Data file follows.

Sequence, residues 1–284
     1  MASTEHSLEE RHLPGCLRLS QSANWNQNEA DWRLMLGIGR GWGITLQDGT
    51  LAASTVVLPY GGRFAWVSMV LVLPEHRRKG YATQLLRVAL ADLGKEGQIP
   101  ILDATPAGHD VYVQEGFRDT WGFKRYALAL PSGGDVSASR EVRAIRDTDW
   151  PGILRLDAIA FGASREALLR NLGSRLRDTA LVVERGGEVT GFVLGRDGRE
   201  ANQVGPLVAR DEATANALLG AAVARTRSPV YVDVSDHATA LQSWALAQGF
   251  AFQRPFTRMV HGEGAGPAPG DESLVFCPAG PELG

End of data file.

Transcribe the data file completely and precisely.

Sequence, residues 1–284
     1  MASTEHSLEE RHLPGCLRLS QSANWNQNEA DWRLMLGIGR GWGITLQDGT
    51  LAASTVVLPY GGRFAWVSMV LVLPEHRRKG YATQLLRVAL ADLGKEGQIP
   101  ILDATPAGHD VYVQEGFRDT WGFKRYALAL PSGGDVSASR EVRAIRDTDW
   151  PGILRLDAIA FGASREALLR NLGSRLRDTA LVVERGGEVT GFVLGRDGRE
   201  ANQVGPLVAR DEATANALLG AAVARTRSPV YVDVSDHATA LQSWALAQGF
   251  AFQRPFTRMV HGEGAGPAPG DESLVFCPAG PELG